The historic orthodox confessional view of WCF 1:8 is that
God has providentially preserved his word in faithful copies (apographa) of the
original manuscripts (autographa) in Greek and Hebrew. With the fall of
Constantinople to the Muslim Turks in 1453, copies of the Greek New Testament
came west and provoked both the Renaissance and the Reformation. Erasmus then
could publish a Greek New Testament along side the Latin in 1516, Luther could
read it and the rest is history. This particular Greek text of family of texts
became known as the Received Text or the Textus Receptus (TR).
view, popularized by BB Warfield of Princeton (1851-1921) was that God
providentially restored his Scripture with the priesthood of unbelieving
scholars and textual critics such as Hort (1828-92) who championed a NT
manuscript found in the Vatican library or Tischendorf (1815-74) who discovered
a manuscript in the wastebasket of a Mt. Sinai monastery. Manuscripts like these
are the basis for every modern English translation except one, begining with
the Revised Version of 1881.
In this view infallibility, if not the modern substitute of
inerrancy, only resides in the original autographa, not the
faithful apographa of the Textus Receptus. (Broadly speaking, infallibility does
not mean a text without minor scribal errors, but inerrancy does.) And since we
don't have the original autographa and never will, stay tuned for the next
United Bible Society/Nestle-Aland Greek New Testament to find out what the Bible
really said. In principle, the doctrinal chain of providential preservation
which connected the church to the original Scriptures through faithful
infallible copies has been broken.
The historic confessional view is that
these critical manuscripts of Hort and Tischendorf were providentially discarded
by the church, even if they are older than the copies of the TR we now have.
Erasmus and others at the time of the Reformation knew of them, but did not use
them in editing and publishing a Greek New Testament because they had not been
received and used historically in the church. On the other hand, the fruit of
the TR is seen in the Protestant Reformation. That God would let his church go
for so long without a faithful Bible till Hort and Tischendorf came along with
their views and texts is not only suspect, but akin to the Mormon argument for
their book. Rather the early church recognized not only the books of the canon,
but also essentially the text of the canon, of which by and large the most
copies are of the Textus Receptus. To have either the necessary critical texts
or the Book of Mormon show up at this late date 15-1800 years later to really
complete and perfect the Bible all the while previously the church has had to go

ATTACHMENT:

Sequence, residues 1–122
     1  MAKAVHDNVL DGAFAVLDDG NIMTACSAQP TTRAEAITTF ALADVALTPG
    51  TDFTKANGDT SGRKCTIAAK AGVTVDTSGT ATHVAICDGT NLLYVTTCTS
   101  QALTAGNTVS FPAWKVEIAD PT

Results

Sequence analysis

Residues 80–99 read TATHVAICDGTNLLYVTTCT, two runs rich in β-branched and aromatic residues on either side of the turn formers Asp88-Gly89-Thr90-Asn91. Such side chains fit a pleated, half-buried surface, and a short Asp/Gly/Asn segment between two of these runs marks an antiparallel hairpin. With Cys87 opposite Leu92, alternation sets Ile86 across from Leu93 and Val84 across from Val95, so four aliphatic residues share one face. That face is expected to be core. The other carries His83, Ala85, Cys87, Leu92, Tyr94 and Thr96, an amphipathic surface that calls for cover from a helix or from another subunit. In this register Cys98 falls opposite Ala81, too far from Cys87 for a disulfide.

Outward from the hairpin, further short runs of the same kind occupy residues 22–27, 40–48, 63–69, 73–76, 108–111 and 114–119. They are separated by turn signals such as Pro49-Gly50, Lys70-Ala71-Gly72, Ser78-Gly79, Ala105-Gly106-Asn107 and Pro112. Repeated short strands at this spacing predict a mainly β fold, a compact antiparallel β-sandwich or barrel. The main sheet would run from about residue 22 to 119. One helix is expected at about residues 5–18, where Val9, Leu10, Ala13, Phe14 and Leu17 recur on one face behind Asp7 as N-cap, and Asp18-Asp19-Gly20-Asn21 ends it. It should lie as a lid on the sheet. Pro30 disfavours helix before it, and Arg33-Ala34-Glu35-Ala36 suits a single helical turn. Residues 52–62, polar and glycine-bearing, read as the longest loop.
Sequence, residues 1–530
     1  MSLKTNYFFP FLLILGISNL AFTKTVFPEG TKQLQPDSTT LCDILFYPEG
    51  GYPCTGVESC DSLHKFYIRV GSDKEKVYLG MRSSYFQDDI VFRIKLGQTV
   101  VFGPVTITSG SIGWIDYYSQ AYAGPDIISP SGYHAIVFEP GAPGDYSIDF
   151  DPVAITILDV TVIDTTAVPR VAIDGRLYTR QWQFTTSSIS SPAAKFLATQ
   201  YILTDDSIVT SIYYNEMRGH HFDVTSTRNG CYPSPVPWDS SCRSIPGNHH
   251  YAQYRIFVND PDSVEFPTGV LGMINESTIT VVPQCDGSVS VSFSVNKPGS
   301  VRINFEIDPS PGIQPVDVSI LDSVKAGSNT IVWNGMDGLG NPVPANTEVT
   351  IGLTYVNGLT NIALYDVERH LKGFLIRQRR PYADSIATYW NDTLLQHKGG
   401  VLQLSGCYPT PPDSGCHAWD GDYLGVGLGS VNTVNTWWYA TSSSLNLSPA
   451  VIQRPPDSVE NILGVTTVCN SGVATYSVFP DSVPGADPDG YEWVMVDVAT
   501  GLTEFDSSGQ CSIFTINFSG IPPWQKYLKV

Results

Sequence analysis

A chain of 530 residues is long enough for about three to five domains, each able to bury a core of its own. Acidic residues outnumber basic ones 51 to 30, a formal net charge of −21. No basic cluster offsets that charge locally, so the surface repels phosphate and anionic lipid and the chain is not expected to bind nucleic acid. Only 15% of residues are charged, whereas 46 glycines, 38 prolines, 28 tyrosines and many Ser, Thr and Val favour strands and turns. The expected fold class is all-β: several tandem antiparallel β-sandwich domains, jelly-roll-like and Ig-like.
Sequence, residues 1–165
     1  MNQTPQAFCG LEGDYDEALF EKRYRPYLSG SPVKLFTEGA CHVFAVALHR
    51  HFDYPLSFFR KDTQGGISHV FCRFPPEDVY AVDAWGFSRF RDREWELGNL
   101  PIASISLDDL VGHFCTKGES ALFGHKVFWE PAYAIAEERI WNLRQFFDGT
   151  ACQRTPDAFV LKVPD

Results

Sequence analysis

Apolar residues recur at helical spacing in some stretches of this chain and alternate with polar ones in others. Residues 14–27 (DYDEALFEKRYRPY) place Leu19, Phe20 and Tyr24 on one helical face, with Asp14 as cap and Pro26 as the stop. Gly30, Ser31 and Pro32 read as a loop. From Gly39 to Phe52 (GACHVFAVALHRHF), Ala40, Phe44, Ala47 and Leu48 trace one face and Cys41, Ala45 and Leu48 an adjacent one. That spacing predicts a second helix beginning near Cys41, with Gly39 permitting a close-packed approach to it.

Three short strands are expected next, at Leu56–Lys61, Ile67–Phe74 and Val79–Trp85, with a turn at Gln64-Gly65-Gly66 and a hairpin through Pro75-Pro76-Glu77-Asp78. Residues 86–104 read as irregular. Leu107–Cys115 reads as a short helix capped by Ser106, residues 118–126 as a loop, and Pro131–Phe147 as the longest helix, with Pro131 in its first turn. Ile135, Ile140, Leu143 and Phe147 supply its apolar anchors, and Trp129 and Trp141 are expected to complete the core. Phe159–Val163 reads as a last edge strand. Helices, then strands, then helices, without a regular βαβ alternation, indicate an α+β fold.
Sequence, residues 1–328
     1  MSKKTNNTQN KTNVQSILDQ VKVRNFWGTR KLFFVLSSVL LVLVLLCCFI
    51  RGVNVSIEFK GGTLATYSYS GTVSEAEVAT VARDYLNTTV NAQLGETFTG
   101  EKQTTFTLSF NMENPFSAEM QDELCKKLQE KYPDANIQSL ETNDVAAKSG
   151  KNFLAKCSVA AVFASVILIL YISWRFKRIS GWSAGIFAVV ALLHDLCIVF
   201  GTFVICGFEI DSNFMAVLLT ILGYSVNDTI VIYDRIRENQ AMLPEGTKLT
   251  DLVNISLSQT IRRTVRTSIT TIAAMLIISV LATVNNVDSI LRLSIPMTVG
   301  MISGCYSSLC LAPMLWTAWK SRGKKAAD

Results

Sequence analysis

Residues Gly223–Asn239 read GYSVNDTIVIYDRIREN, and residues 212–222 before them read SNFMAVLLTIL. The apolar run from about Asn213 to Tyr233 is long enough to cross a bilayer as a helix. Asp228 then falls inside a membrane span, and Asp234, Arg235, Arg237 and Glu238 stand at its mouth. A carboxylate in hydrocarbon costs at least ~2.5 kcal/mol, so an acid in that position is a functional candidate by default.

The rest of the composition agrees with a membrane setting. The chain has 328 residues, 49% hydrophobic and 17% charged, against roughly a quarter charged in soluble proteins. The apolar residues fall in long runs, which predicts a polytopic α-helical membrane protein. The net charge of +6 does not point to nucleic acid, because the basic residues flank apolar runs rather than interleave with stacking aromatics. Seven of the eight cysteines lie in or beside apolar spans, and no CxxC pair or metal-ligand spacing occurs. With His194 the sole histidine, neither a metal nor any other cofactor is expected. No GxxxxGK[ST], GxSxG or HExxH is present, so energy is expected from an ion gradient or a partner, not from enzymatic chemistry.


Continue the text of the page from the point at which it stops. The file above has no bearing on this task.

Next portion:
without them, is a bit much.
There have also been two other conservative reactions to
the modern distortion of WCF 1:8 from providential preservation to restoration.
One has been the bare scientific rational mathematical mode of just counting
noses. It combines the critical manuscripts with the Textus Receptus to form
the Majority Text which is the textual basis of the New King James. Yet since
the MT is not based exclusively on the providentially preserved TR, Thos. Nelson
Publishers cannot really claim it to be a new or updated King James, much more
publishing the Scripture is the church's business, not businessmen in the book
The other reaction is that of the fundamentalists
who affirm God's providential preservation of the Scriptures in the original
Greek and Hebrew up until 1611. Then with the King James translation, the
providential preservation of the Scriptures shifts to the infallible English
Bible. Again since simplistic arminian fundamentalism is essentially anti
intellectual and opposed to even genuine scholarship, favoring the English Bible
over the Greek and Hebrew might be expected, but is nonetheless inexcusable.
cordially in Christ
--- In email@example.com, "forisraelssake" <c_tylor@...> wrote:
> Liberalism aside, what words of the Greek and Hebrew originals are
> inspired? We don't have the originals. We have copies of copies of
> copies of copies. All the existing manuscripts and witnesses differ
> from each other. Textual criticism has to be done, unless we say all
> variants are equally inspired (which would lead to fascinating
> harmonizations) or we stipulated ex cathedra one particular printed
> edition or manuscript to be the perfect reproduction of the original.
> While the majority text position is a legitimate, if not clear
> minority position (Kurt Aland in his "Text of the Church" article is
> the best short answer to the inherent contradictions of claiming the
> early church used the medieval ecclessiastical text), I never
> appreciated the late Theo Letis rhetoric on this subject. Edward Hills
> was a terrible popularizer of KJV Onlyism. Was Hills even a scholar of
> the text?--his writing gives no indication of it. That Letis followed
> Hills rather than a true MT scholar like Maurice Robinson says a lot
> about Letis own scholarship.
> White has defended his degree in various places on his website,
> including here:
> It wasn't a fake degree. It just wasn't accredited by the national
> institution that accredits state universities and ivy league
> colleges--so yes it is obviously less prestigious, but it doesn't mean
> it is fake.
> Meanwhile, not to put too fine a point on it, but Letis' PhD is in
> history, not in Greek or theology, and he was never a professor at any
> recognized legitimate university himself, or am I wrong. Kettle. Pot.